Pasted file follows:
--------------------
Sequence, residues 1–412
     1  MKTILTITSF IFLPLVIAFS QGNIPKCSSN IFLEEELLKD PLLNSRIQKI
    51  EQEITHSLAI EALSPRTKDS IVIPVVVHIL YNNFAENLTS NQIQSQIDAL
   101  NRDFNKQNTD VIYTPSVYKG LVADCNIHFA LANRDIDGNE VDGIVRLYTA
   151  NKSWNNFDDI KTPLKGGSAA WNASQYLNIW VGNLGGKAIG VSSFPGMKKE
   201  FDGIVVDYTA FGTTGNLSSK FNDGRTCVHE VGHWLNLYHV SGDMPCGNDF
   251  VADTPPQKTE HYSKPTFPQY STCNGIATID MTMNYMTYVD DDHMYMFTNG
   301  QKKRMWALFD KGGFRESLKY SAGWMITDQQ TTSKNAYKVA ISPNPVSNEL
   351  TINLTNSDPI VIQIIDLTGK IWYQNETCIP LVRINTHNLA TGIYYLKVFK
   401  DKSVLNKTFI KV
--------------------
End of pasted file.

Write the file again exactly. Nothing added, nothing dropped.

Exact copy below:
Sequence, residues 1–412
     1  MKTILTITSF IFLPLVIAFS QGNIPKCSSN IFLEEELLKD PLLNSRIQKI
    51  EQEITHSLAI EALSPRTKDS IVIPVVVHIL YNNFAENLTS NQIQSQIDAL
   101  NRDFNKQNTD VIYTPSVYKG LVADCNIHFA LANRDIDGNE VDGIVRLYTA
   151  NKSWNNFDDI KTPLKGGSAA WNASQYLNIW VGNLGGKAIG VSSFPGMKKE
   201  FDGIVVDYTA FGTTGNLSSK FNDGRTCVHE VGHWLNLYHV SGDMPCGNDF
   251  VADTPPQKTE HYSKPTFPQY STCNGIATID MTMNYMTYVD DDHMYMFTNG
   301  QKKRMWALFD KGGFRESLKY SAGWMITDQQ TTSKNAYKVA ISPNPVSNEL
   351  TINLTNSDPI VIQIIDLTGK IWYQNETCIP LVRINTHNLA TGIYYLKVFK
   401  DKSVLNKTFI KV